Ex-ButcherBox execs bring meat-shipping expertise to new D2C startup • TechCrunch

As the former head of logistics at ButcherBox, Juan Meisel knows how to transport perishables from A to Z, and now he wants to do the same for Grip, a perishable shipping company he’s bringing out of stealth mode with $2 million in funding.

Dubbed an “intelligent logistics engine,” Grip’s technology sits on top of customers’ existing order management systems and manages the shipping process using real-time network conditions such as weather and temperature, carrier on-time delivery and box performance .

Founder Juan Meisel told TechCrunch that other shipping software uses “flat shipping logic and business rules for shipments, aka, the same amount of packaging, refrigerant, carrier, etc., every time for the same routes.”

Instead, Grip dynamically adjusts shipping recommendations based on what’s happening in the shipping network. That way, businesses can use this data to proactively hold orders, notify customers of potential delays, and identify areas for improvement.

Meisel got the idea for Grip while he was head of logistics at ButcherBox, where he was also trying to solve the challenge of shipping perishable items while reducing damage rates and improving margins, all while operating in conditions that seemed to change by the minute. per minute.

“I was always looking for that piece of software that could help us do that internally,” Meisel said. “I didn’t manage to find anything, but at the same time I started to advise some companies on the side that would find me on LinkedIn. They took their ButcherBox in the mail and tried to send anything from frozen milk to chocolate, flowers and pharmaceuticals.”

While advising these other companies, he realized that there needed to be software to help e-commerce companies improve the way they ship and increase the customer experience. So he came up with the idea of ​​Grip and started a company a few months ago, working with Jimmy Cooper, the former chief data officer of ButcherBox.

Customers are on board and can start shipping in a few hours, and Grip makes money through monthly SaaS fees based on company size and integration complexity, Meisel said. In that short time, the company has processed hundreds of thousands of orders, and customers have seen a 25 percent reduction in failure rates and a 30 percent reduction in shipping costs, Meisel said.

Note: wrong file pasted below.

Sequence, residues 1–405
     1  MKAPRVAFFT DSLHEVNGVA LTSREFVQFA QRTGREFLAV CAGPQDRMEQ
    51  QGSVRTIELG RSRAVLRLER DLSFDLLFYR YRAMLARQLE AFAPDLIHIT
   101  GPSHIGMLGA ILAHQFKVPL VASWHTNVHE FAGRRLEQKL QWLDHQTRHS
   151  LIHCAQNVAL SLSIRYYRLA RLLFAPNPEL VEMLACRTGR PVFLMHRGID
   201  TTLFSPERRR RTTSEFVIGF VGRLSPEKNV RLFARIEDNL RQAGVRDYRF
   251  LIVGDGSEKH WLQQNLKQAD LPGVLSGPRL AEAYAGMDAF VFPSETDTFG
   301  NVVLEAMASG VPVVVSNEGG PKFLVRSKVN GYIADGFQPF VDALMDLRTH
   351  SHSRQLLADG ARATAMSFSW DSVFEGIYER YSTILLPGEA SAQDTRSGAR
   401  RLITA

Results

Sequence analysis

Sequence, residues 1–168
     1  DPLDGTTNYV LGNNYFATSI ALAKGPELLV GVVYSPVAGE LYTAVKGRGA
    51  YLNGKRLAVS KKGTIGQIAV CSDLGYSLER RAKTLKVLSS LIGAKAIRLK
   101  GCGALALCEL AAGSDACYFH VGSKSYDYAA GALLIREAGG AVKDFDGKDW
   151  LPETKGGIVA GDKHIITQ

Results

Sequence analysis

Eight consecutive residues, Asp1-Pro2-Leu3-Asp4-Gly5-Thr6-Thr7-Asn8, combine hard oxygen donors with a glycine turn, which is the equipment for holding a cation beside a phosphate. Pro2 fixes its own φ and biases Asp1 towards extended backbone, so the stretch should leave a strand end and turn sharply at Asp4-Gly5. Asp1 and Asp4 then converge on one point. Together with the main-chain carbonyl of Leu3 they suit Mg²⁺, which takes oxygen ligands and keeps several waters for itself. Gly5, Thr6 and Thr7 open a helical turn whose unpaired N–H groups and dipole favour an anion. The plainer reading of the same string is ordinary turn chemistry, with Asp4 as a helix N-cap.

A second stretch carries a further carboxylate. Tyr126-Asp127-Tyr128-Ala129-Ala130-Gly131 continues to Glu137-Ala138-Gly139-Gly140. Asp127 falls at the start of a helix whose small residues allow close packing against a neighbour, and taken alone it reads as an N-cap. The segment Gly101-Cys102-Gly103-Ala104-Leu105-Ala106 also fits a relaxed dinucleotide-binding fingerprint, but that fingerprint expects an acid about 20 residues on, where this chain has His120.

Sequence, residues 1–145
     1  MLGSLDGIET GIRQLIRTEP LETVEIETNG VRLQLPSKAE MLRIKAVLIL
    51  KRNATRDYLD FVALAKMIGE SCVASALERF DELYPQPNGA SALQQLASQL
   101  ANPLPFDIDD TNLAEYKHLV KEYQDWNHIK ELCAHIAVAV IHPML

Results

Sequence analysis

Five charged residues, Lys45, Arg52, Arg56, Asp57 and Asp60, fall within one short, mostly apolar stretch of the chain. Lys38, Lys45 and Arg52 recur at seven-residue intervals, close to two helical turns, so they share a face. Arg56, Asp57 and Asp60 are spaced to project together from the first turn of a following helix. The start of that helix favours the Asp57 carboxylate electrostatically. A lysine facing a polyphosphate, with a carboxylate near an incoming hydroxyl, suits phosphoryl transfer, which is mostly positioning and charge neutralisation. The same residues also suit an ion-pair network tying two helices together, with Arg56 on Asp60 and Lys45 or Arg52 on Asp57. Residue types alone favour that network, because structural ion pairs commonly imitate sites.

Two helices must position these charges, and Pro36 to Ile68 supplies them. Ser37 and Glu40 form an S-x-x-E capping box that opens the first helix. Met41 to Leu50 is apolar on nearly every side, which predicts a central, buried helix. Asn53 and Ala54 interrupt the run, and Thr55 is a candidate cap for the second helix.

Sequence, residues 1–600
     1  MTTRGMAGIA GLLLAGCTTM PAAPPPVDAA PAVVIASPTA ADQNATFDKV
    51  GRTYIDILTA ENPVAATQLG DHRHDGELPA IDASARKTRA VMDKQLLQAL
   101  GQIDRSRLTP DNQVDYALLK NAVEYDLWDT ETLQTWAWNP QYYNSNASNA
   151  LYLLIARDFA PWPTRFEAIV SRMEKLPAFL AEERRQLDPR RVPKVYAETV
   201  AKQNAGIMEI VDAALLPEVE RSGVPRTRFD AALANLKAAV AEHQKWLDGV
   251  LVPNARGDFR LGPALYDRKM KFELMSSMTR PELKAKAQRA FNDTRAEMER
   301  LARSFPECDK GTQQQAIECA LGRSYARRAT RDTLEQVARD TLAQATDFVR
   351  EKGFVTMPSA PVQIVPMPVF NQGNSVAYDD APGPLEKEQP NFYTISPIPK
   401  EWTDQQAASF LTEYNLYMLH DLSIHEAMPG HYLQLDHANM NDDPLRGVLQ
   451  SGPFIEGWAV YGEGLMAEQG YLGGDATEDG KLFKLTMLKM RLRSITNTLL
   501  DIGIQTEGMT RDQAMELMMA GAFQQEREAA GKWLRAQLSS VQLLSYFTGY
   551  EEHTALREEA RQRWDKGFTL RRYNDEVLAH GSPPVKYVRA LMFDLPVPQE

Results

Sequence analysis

Grip comes into a market that is not only growing rapidly, but has also attracted the interest of other startups and investors. It’s a big market – US food and beverage e-commerce sales are expected to be around $80 billion by the end of 2022, up 20.7% from just under $65 billion last year, according to Insider Intelligence. These sales are projected to nearly double by 2026.

Over the past year, we’ve seen several startups also raise venture capital to solve similar logistics issues, particularly around food waste, as direct-to-consumer subscription meal kits have gained popularity. For example, Alima creates manufacturing logistics in Mexico, while Full Harvest addresses the B2B product supply chain.

Grip’s $2 million pre-seed round was backed by Soma Capital, Western Technology Investment and a group of individual investors.

Although ButcherBox itself was a startup, Meisel said he decided to seek venture capital for Grip in part because “developing technologies is expensive.” Developing the right technology and data processing system to add value to customers quickly required some institutional funding and industry investors.

“We run what we call ‘rapid innovation cycles,’ which means we go from idea to product to feedback very quickly,” he added. “Basically we have an idea, we launch a product, we work very, very closely with the customer to get feedback on that product, and then we come back to the idea of ​​how we can continue to improve that product. Therefore, we are using the money to develop technology to develop rapid innovation cycles and continue to add value to investors.”

The company currently has six employees, and Grip will also add to that team to develop new features and user experience as it relates to reducing waste and improving the customer experience.

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